Croissants

I’m here to reassure everyone out there that sometimes when things don’t quite work perfectly, they can still be incredibly tasty! These Croissants are far from perfect, in fact on my third turn of the dough I was considering throwing it out, but I figured I’d invested a good 4 hours or so on these already so I would see it through to see how they cooked, and they cooked just fine, in fact just delicious.

Croissants

I’m not going to kid you, croissants are time consuming and quite a bit of work, but they are very rewarding. Nothing really compares to a fresh croissant out of the oven, they are warm, crispy, buttery, and flaky. But yes, they can be hard to get perfect.

When making these croissants I seemed to trip up when laminating the dough, I had bashed out my butter ready to go and popped it back in the fridge until I was ready, but I think that time spent in the fridge was a little too long because it turned out my butter was a bit too cold and didn’t laminate into the dough properly. That meant that I had small lumps of butter throughout the dough, it definitely did not look right, but I kept going and cooked them anyway and to my surprise they turned out just fine.

Croissants

Yes I probably didn’t have quite as many perfect layers but what I did have tasted mighty fine. The lesson here for everyone out there considering giving croissants a try, is not to worry when things aren’t perfect because they will more than likely be very tasty anyway and well worth the effort that you put in.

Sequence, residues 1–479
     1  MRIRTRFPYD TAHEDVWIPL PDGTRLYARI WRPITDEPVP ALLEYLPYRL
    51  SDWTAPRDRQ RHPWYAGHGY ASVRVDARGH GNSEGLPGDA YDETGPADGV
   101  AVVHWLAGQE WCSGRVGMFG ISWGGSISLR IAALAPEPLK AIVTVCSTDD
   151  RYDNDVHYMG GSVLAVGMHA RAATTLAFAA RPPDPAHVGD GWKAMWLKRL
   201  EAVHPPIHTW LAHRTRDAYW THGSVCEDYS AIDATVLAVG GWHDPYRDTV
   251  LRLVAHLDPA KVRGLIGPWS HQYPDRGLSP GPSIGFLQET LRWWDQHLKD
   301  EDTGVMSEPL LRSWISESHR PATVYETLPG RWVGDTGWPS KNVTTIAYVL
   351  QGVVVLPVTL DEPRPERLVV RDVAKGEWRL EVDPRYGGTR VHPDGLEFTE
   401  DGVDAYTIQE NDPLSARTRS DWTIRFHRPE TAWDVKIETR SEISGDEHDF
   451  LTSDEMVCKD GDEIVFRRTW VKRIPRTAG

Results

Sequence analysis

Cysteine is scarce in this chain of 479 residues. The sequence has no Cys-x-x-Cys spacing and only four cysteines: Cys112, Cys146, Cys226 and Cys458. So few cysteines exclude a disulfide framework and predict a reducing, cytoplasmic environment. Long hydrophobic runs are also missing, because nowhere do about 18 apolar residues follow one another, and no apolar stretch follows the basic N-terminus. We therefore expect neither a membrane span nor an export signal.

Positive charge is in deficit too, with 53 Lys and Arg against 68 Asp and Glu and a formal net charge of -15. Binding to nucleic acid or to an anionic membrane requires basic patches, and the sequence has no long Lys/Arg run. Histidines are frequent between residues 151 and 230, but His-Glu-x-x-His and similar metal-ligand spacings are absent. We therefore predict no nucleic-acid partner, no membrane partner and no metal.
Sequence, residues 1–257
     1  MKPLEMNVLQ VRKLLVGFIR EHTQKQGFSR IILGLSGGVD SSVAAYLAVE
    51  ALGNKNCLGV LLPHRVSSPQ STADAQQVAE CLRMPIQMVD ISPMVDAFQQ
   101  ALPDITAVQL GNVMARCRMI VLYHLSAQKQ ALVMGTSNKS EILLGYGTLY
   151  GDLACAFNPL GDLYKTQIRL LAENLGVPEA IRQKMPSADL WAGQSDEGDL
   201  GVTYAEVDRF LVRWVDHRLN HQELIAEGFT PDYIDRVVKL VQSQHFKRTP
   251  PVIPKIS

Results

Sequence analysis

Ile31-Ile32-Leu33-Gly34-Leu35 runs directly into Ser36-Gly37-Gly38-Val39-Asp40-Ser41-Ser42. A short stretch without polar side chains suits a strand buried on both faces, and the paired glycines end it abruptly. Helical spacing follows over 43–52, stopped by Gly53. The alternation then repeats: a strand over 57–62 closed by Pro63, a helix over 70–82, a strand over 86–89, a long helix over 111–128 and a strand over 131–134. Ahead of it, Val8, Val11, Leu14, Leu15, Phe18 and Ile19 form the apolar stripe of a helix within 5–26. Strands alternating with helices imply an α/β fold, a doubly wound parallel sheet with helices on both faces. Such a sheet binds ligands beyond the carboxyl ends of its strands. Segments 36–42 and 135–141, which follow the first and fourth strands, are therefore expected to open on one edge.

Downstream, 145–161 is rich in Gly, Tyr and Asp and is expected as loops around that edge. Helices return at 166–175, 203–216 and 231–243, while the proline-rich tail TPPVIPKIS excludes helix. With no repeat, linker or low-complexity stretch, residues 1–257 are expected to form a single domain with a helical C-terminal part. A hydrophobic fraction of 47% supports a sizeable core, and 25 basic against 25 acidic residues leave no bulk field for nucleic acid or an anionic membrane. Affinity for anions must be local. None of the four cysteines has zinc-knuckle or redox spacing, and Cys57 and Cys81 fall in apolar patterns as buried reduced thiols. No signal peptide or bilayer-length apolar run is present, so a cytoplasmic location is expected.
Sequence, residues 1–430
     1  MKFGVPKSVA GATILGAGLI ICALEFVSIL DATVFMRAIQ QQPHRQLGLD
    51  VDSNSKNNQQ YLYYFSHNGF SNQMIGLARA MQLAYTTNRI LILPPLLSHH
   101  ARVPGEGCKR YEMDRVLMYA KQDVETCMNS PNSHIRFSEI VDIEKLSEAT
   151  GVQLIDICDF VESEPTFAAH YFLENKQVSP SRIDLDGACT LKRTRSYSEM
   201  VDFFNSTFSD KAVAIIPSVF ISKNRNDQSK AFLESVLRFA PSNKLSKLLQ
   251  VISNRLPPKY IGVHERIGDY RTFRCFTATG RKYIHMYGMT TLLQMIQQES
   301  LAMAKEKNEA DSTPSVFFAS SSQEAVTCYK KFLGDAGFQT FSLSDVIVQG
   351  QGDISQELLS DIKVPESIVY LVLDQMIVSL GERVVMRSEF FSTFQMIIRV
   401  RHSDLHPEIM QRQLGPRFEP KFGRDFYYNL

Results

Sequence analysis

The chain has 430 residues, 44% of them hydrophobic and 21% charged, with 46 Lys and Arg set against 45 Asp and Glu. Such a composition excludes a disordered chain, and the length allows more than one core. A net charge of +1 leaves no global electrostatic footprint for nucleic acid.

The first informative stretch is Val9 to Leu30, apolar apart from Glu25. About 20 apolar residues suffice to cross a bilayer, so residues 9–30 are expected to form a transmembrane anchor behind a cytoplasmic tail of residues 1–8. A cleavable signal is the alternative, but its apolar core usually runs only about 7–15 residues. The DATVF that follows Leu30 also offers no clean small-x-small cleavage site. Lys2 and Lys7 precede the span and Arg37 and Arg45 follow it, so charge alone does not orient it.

Before you give this recipe a try, I suggest watching a few YouTube clips showing the process, it really helps to understand the recipe and method before you start.

Croissants

Croissants
Makes 24 small croissants. You will need to start this recipe a day ahead.

Ingredients:
– 350ml milk
– 1/4 cup caster sugar
– 14g (2 sachets) dry yeast
– 500g plain flour
– 2 tsp salt
– 350g cold unsalted butter (try to use a good European butter if you can)

Method:

Place milk in a saucepan and heat until lukewarm, that means you can put your finger into it and you barely notice a change in temperature. Pour the milk into a large bowl and add yeast and sugar, stir to combine. Add the flour and salt and mix to form a very sticky dough.

Turn the dough out onto a floured surface and knead for 5mins, adding a little more flour if it is too sticky, but not too much as it should still be a slightly sticky soft dough. Form the dough into a rough rectangle, wrap in cling film and pop it in the fridge to chill for 1 hour.

About 20mins before the dough resting time is up start working on the butter. Place the butter between two sheets of baking paper and start pounding it with a rolling pin. You are trying to soften it until it is in a malleable state but still cold. If it starts to melt, pop it in the fridge to chill again before continuing. Pound the butter into a square 22cm x 22cm. Pop it in the fridge to keep cold until ready, but don’t leave it in there too long.

Take the dough out of the fridge and on a lightly floured surface roll the dough out into a rectangle 40cm x 25cm. Place the square of butter in the middle and fold the two long sides of dough over to meet in the middle. Press all the edges together to ensure the butter is completely enclosed in the dough.